Cash Nil High {risk of theft} Anytime Access
Saving Account Low Negligible Anytime access
Liquid Funds/ Ultra Short term Funds Low Very low Accessible in 1 day

Debt Investments

Debt Investments Return Risk Liquidity
Fixed Deposit Low Insured upto 1 lakh Withdrawal possible, pre-maturity interest levied
Post-office Investment Low Risk-free Withdrawal possible after specified time, pre-mature interest applicable
Public Provident Fund Low Risk-free Illiquid; funds can be partly withdrawn after 6 years
Non-Convertible debenture (NCD) Low Credit Risk, Interest Rate Risk Listed on Stock Exchange
Tax Free Bonds Low Credit Risk, Interest Rate Risk Listed on Stock Exchange
Income funds Low-medium Low to Moderate Risk Listed on Stock Exchange

Equity Investment

Equity Investment Return Risk Liquidity
Direct Investment High (Market linked) High High liquidity, Listed on stock exchange (Except illiquid counters)
Mutual Funds High (Market linked) High but less compared to direct investment High liquidity, Listed on stock exchange (except closed-ended schemes)

Real Estate

Real Estate Return Risk Liquidity
Land/Buildings High (Market linked) High Illiquid

But before you start investing it's important to ask yourself some basic questions:

  • What am I investing for - retirement, education, paying off loan, child's marriage, future planning?
  • How involved will I be in managing assets?
  • How much risk am I comfortable with - conservative, moderate, aggressive?
  • How soon do I plan on using the invested funds?

By asking yourself these simple questions you'll be able to start narrowing down all of the available choices and select the one that will help you pursue your goals. This exercise is called asset allocation and portfolio diversification.

Once you have done self-assessment, the next step would be to identify in which asset classes you should invest in. This is where asset allocation becomes important. Asset allocation means distributing your money across various investment avenues or assets (such as equity, bonds and cash) so that the poor performance of any one avenue/asset does not jeopardise the entire investment plan. The goal is to help reduce risk and enhance returns and your money is poised to take advantage of the 'booming' sectors, while protecting you from heavy losses.


The advantage of having different assets in the portfolio is that a decline in any one asset can be partially offset with the presence of other assets, which are not witnessing the same trend (in this case a decline). The reason why having more than one asset can work in your favour over the long-term is because different assets react differently to the same set of factors. For instance, inflation which can be a negative for stocks in the short-term, could actually lead to a rise in gold prices. So if your portfolio is well-diversified, then an unfavourable situation in a particular asset class will be combated by the other.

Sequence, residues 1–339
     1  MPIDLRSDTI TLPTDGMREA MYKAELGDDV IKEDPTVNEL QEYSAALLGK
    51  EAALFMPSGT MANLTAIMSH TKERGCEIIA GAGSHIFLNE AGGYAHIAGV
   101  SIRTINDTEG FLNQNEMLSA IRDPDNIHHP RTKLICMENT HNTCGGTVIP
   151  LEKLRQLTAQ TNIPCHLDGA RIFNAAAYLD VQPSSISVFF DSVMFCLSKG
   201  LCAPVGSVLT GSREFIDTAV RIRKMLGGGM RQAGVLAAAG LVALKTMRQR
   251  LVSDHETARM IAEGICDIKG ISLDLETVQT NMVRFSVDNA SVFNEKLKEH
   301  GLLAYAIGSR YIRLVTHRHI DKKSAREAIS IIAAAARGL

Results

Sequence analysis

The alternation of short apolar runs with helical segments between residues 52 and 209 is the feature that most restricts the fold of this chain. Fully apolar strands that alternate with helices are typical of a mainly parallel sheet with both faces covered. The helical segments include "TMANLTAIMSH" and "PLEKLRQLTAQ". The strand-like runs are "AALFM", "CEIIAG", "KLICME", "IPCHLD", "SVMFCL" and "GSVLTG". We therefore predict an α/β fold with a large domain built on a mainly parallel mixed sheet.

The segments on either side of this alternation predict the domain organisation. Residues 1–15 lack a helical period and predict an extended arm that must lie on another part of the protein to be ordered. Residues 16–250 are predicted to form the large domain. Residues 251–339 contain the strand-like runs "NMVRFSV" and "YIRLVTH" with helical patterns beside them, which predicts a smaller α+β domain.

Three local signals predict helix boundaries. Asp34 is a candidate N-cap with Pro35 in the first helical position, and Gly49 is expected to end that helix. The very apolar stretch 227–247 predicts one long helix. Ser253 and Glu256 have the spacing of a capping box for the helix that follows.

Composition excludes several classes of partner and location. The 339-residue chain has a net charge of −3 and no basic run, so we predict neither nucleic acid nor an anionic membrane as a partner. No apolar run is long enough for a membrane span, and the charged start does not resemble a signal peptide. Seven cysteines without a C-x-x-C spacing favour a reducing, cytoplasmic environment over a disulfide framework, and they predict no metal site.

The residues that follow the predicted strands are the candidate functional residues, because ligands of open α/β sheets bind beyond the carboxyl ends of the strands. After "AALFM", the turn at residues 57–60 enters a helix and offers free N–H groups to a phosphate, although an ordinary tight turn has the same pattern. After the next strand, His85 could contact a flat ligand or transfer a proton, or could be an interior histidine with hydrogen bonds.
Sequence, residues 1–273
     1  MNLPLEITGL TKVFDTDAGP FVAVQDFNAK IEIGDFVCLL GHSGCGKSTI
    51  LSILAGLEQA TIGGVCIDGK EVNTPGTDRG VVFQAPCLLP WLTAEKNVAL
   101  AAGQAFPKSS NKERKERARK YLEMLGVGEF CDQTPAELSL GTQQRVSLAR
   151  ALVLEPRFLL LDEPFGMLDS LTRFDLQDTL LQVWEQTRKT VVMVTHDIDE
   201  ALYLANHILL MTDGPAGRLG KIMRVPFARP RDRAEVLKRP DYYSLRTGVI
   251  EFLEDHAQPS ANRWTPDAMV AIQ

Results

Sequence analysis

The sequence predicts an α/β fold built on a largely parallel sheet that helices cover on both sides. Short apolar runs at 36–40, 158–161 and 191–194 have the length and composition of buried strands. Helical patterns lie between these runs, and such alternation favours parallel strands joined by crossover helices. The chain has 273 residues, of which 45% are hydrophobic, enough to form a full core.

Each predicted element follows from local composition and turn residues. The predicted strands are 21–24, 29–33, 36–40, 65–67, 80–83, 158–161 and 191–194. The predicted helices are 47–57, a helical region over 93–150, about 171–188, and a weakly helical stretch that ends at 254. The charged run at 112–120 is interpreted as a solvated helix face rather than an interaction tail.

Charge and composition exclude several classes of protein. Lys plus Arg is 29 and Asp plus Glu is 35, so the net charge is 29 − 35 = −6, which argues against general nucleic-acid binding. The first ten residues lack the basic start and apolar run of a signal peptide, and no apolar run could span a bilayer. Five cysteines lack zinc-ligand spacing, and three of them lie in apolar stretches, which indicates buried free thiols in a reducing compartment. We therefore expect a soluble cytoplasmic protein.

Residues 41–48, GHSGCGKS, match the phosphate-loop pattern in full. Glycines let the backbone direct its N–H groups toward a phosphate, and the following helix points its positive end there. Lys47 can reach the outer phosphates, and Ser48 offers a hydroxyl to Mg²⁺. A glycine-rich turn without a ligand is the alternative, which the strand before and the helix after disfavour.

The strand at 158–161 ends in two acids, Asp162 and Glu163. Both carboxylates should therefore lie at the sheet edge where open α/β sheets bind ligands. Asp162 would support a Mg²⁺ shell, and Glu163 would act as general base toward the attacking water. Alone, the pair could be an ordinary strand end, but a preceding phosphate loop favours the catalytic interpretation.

Generally, a larger portion of your portfolio should be dedicated to:

Stocks, if...

  • You have a relatively long investment time frame - 5 to 10 years or longer, and
  • You want the potential to make substantial returns on your investments to reach your goals, and
  • You have the risk tolerance to withstand significant market volatility.

Bonds, if...

  • Your goal is to preserve your assets.
  • You have a mid- to long-term investment timeframe.
  • You can withstand some fluctuation in asset values on the way to achieving your goals.
  • You need an income stream from your investments.

Cash equivalents, if...

  • You may need to access a significant portion of your money in the near term (0-6 months).
  • Your have invested your emergency fund savings for easy access.
  • You are risk averse.

Are Asset Allocation and Diversification Different?

Asset Allocation is the process of dividing your money in different asset classes like property, shares, bonds, gold and cash, while Diversification is the process of dividing your money within the asset class like buying shares of banking, telecom and FMCG sector in the equity allocation of your portfolio or buying property in Mumbai, Gurgaon and Singapore in the property allocation. Both the strategies help in reducing your investment risk.

Once you have allotted your money to different asset classes for investment, it is important that you also diversify within each asset class. The next step would be to spread your money over various investment options within a particular asset class. The old adage holds true—don't put all your eggs in one basket.

Choose shares or equity mutual funds that represent a greater variety of industries and companies. For example, suppose you are an aggressive investor with total investments across asset classes totaling Rs 5 lacs and you decide to invest 70% of your portfolio in equities. Now the Rs 3.5 lacs that you are investing in equities should be divided among different segments of the equity market, ranging from large companies to small companies or domestic to international and also in companies belonging to different industries like automotive, FMCG, financial services, IT, etc.


Tip: Keep in mind, however, that all investments involve some risk. There is no guarantee that any particular asset allocation or mix of funds will meet your investment objectives or provide you with a given level of income. Remember that diversification cannot eliminate the risk of fluctuating prices and uncertain returns.


Arihant's investment advisors understand every client's needs and thereafter recommend the best investment solutions.